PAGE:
I am certain that you understand that the concepts associated with the words in the title are clearly different. It seems to me that your definition of plagiarism is more related to copyright infringement than to plagiarism. You write, <i>For journalists -- since we're talking about journalism -- plagiarism consists of using, as your own, words you don't own. And regardless of whether you approve, we do not always own the words that we write.</I>
A definition of plagiarism from journalism.about.com is, <i>plagiarism means claiming someone else's work is your own by putting it in your story without attribution or credit.</i> This is how I have used the word all along, and it is different than the definition you gave.
Let's try an example. I copy an article form the New York Times and publish it in the Bixography website without explicit permission from the New York Times. I can envision two situations.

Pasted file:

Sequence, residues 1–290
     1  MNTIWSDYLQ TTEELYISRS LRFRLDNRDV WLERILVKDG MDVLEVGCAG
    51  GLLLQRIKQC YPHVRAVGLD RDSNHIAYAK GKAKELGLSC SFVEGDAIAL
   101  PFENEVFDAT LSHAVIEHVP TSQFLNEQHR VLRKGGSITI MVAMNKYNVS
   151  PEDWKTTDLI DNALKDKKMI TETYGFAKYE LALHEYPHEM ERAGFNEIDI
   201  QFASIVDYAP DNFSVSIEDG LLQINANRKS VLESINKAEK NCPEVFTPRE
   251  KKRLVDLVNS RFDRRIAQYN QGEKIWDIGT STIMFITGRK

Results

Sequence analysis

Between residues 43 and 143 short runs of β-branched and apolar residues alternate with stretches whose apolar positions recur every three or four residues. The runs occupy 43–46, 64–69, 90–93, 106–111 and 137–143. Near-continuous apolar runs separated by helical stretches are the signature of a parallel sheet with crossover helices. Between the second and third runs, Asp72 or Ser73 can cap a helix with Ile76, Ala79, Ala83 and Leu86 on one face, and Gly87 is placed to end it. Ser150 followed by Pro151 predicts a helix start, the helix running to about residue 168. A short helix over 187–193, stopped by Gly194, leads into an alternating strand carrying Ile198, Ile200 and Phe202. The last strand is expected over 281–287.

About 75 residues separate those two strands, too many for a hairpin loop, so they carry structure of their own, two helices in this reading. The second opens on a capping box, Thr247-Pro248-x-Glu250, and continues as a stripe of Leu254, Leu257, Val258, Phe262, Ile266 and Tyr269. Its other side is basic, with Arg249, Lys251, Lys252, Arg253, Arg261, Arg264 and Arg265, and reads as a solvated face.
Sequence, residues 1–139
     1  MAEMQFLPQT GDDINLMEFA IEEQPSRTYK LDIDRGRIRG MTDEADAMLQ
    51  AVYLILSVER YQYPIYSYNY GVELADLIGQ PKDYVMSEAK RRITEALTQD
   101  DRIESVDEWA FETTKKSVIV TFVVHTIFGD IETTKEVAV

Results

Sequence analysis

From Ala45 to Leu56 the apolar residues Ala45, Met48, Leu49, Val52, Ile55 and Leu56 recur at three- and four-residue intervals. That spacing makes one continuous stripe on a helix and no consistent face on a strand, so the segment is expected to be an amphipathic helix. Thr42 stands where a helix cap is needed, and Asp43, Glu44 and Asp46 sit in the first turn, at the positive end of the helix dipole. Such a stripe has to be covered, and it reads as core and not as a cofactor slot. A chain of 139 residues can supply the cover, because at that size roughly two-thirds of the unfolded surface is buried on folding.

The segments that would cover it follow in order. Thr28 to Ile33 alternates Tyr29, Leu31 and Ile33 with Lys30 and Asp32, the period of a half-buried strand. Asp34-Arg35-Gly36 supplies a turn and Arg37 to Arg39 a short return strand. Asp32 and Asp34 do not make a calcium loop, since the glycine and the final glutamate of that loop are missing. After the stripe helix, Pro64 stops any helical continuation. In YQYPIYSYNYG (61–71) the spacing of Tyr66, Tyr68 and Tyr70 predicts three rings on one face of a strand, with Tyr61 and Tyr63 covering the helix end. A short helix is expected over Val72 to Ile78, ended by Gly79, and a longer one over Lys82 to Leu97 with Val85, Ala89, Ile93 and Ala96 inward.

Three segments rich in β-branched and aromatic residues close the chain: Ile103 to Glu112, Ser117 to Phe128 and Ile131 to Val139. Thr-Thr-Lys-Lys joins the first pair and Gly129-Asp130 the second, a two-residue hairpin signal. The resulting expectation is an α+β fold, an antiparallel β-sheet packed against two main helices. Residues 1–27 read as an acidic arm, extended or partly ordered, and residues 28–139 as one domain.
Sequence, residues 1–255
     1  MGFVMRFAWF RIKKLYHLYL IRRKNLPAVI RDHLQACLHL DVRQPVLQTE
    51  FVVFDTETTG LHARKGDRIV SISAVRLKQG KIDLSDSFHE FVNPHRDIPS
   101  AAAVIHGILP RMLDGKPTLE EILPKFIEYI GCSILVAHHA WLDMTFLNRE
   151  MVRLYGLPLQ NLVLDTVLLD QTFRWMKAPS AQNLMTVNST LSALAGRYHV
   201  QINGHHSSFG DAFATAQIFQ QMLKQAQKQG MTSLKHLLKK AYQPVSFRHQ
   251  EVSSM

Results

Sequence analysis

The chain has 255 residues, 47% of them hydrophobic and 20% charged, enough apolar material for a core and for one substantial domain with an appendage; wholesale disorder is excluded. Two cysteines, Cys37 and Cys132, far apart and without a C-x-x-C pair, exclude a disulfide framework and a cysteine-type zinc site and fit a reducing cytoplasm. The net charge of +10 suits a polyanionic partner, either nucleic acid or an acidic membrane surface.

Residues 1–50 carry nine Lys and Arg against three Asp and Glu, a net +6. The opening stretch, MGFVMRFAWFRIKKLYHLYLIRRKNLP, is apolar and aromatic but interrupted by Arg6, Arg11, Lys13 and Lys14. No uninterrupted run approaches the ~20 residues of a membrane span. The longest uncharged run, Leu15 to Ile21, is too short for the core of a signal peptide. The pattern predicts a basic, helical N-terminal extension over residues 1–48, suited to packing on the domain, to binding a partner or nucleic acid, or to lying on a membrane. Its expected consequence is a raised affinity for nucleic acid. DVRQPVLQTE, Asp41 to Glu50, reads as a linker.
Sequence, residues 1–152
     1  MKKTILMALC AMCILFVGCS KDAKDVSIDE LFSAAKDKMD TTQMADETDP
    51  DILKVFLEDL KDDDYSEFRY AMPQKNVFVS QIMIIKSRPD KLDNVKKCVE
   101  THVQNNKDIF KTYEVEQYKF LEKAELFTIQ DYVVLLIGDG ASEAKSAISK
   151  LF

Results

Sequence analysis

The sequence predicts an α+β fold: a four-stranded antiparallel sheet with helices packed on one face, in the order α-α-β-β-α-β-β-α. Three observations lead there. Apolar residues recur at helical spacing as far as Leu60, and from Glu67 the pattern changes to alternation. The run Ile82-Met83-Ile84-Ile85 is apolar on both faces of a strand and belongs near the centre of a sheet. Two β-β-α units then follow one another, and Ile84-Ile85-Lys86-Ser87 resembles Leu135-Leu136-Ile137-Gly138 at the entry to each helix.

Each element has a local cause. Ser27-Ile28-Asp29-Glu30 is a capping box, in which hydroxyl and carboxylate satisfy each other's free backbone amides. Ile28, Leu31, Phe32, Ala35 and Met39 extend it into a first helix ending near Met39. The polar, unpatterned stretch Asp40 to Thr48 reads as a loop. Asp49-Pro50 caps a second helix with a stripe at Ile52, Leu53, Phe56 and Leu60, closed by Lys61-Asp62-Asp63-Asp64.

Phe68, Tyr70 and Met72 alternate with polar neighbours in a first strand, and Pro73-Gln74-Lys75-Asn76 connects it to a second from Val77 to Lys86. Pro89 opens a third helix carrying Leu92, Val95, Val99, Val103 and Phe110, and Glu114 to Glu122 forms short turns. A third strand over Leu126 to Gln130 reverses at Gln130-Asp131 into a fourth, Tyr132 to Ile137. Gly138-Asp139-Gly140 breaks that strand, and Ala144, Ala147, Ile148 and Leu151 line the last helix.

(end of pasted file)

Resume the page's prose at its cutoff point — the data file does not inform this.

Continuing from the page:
- I give the exact reference. That is a copyright violation.
- I do not give the source and pass the work as my own. That is plagiarism.
As to ownership, let me cite the definition of authorship from copyright.gov
<i>Under the copyright law, the creator of the original expression in a work is its author. <b>The author is also the owner of copyright </B>unless there is a written agreement by which the author assigns the copyright to another person or entity, such as a publisher.</i>
This is how I have viewed all along ownership of text. If I write an article, I am the author and owner. Granted that most, if not all, reporters assign copyright to the journal, newspaper, or magazine that publishes the article. I have written over 100 articles in scientific journals and chapters in books, mostly in the US, but also abroad. Reluctantly, I assigned copyright to the medium that published my article. But I am still the author and, strictly in an moral rather than a legalistic view, I consider myself the owner. The only reason I assigned the copyright to the publishers of my articles and chapters is because they have me over a barrel: they would not publish my work unless I assigned the copyright to them.
Copyright infringement is a violation of the law. Plagiarism is an ethical and moral disgrace.
Copyright infringement can also be an ethical violation. If I make 100 copies of a CD without permission of the owner, and sell them, I am also commiting an ethical violation.